In the age of e-commerce, billions of catalogs are sent to consumers every year because, according to one industry official, “you can’t force me to open your email.”
Now listen to an old man talk about the pre-internet era.
Amazon was a rainforest, phones were glued to the wall, and the Sears Wish Book was a vacation bible for kids.
It was a catalog mailed to American homes around Halloween, and contained the most delicious pictures of toys that Santa Claus would hopefully leave under the tree. More importantly, it was a way to show parents how awesome and inexpensive the Millennium Falcon was, for example.
The word “Amazon” means something different now, of course, and the sights of this lush capitalist ecosystem can be explored with an untethered handheld phone.
The Wish Book is more or less the story too. Yet somehow, catalogs continue to thrive in the age of e-commerce. They still show up in our mailboxes and pile up on our dining room tables – before ending up in a trash can.
About 7.5 billion business-to-consumer “books” are mailed to consumers each year, estimates Hamilton Davison, president and executive director of the American Catalog Mailers Association.
Why? “Because they work,” Davison said. He cited their research, which shows that catalogs are effective not only with baby boomers but also with millennials.
“You can’t force me to open your email,” he said. “You can’t make me go to your website. You can’t even make me go to your store. But you can send, uninvited to my house, a large-format piece of mail that I have to pick up and give you 300 milliseconds of thought while I look at it and decide, “Am I going to read it or recycle it?” »
“And in that third of a second… you can invite me. And that’s actually what’s happening.”
While the internet is great for shoppers who know what they want, Davison said, it’s not great for browsing. Catalogs, on the other hand, offer what he called “a recreational shopping experience that many people find very enjoyable.”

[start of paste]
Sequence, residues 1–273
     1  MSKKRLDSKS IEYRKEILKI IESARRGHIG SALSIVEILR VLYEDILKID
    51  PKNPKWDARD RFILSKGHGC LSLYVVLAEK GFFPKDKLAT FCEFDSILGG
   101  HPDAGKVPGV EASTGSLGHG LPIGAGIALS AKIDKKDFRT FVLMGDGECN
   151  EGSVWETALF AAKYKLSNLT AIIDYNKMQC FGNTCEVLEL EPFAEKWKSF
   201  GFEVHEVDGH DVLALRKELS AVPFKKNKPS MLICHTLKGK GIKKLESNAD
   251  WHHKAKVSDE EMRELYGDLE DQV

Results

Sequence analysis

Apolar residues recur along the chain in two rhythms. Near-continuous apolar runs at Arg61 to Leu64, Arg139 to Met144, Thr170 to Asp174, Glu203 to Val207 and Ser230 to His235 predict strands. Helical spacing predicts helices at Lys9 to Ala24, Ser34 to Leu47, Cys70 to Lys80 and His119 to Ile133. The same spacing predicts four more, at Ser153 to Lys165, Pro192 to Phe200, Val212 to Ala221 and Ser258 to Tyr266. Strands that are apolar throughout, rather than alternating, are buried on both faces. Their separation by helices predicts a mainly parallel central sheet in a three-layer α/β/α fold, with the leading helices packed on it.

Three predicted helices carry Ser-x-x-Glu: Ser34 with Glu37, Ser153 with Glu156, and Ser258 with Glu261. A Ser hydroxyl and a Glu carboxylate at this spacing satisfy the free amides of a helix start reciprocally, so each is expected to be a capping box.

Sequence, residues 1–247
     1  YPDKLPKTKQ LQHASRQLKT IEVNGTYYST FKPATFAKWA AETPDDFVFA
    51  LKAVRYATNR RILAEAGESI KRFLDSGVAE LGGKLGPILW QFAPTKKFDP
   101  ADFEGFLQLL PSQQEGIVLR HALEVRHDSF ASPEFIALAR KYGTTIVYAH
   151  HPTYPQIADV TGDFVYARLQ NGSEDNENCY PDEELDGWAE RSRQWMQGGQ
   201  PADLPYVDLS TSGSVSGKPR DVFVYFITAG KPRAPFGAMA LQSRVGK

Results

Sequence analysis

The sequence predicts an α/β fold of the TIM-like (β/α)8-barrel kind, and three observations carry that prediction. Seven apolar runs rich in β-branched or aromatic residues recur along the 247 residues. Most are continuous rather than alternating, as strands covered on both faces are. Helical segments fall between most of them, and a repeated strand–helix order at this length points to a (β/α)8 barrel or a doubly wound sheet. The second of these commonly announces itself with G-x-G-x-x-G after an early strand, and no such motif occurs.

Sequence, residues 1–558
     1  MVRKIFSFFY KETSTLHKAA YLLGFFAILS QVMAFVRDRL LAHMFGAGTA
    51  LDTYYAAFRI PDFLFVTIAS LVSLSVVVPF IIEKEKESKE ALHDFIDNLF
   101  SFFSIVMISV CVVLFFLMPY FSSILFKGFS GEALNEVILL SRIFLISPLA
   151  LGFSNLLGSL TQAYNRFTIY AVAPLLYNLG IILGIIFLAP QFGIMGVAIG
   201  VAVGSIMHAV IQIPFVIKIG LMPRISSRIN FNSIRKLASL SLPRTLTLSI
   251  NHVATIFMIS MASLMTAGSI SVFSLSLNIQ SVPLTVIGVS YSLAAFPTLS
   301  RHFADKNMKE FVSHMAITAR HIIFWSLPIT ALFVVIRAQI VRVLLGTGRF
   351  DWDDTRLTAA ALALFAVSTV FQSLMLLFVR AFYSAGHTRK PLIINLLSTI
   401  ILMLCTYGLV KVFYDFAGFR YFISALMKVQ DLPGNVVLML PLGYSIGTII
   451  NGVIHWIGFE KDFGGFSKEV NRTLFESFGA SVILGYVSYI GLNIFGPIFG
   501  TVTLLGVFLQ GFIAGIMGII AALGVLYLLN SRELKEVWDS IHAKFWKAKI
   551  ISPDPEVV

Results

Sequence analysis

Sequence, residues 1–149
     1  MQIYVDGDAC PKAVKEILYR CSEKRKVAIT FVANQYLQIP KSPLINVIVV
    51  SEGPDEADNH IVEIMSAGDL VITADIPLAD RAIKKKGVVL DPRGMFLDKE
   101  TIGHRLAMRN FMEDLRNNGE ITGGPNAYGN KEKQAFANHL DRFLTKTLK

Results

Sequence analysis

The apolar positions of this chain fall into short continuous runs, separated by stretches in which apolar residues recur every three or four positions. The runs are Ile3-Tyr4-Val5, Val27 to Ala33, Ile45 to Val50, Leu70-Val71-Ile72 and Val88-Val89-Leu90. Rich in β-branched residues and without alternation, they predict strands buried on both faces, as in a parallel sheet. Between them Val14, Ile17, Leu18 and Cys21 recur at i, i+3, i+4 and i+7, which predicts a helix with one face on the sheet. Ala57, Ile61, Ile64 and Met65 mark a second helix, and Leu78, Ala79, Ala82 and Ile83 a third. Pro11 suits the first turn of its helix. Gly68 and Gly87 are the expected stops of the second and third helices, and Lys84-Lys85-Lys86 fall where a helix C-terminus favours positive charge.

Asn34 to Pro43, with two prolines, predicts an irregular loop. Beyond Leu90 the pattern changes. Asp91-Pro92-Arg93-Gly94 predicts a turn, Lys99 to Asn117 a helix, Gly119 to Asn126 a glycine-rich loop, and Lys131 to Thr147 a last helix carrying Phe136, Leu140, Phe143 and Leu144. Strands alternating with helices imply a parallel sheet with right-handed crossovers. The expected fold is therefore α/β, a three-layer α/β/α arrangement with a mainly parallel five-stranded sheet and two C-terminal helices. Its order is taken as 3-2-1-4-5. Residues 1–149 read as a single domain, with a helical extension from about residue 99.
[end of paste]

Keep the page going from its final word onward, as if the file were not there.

Of the WTOP.com readers who have looked into the subject, some indeed seemed to be in the pro-catalog camp.
“I don’t order anything from them, but our daughter likes to browse them (as did I when I was a kid!),” Amanda Campbell wrote in an email.
“Catalogs allow us to imagine the possibilities and craft a Santa-appropriate list,” wrote Jennifer McIvor.
Now, if you raised your eyebrows for the last few paragraphs, you’re not alone. Most of those who spoke had a decidedly negative opinion.
“Received about 100 all in the trash. Such a waste,” Lisa Flynn wrote in an email.
“Don’t need them, too many and most just go for recycling. What a waste!” tweeted NBC Washington’s Doug Kammerer.
How much waste, though? Not as much as you might think. A DC-area waste and recycling company, Republic Services, sees “a lot more recycling-specific waste” from Thanksgiving to New Years, said Pete Keller, vice president of recycling and sustainability.
Among its 125,000 local customers, Republic collects up to 15% more recyclable materials during the holiday season, he said, “and a big part of that would be catalogs.”
This “mixed paper” does not necessarily go to a landfill. It generally has a good fiber content, he said, and can be reincarnated into a stationery.
“We put it on the market and usually we don’t really get paid, but it gets recycled,” Keller said. “…Whether they’re making linerboard for new cardboard boxes or tissue paper or other forms of packaging, that material is recycled.”
So it’s possible that the catalog you launched might appear months later containing an Amazon order, which brings us to what keeps waste and recycling professionals like Keller much busier during the holidays. More e-commerce means handling more cardboard from small boxes and less cardboard from big box stores and distribution centers.
“We used to have a lot of really big boxes, and now we have a lot of really small boxes, and that forces us to kind of change our equipment and the way we handle material,” he said. he declares.
And while all that holiday trash gets recycled, understand that catalog senders aren’t just flooding mailboxes haphazardly. There’s an analytical and quantitative element to their work, Davison said, because they work with tight margins.
Up to this point: “Every square inch is planned and carefully considered and, in fact, quantified and scored after the fact, so that the next release can be even more effective,” he said. Catalog shippers also use cooperative databases, which is why you get catalogs from a new, unknown retailer that somehow resembles the one you know and love.
“Our goal is to try to be there when you want us and not be there – it’s wasteful – when you don’t want us,” he said, “and of course, it’s a big challenge.I think that over the next two decades, we will continue to improve our level of sophistication and targeting, both with products and with recipients.
Many are probably hoping this isn’t wishful thinking.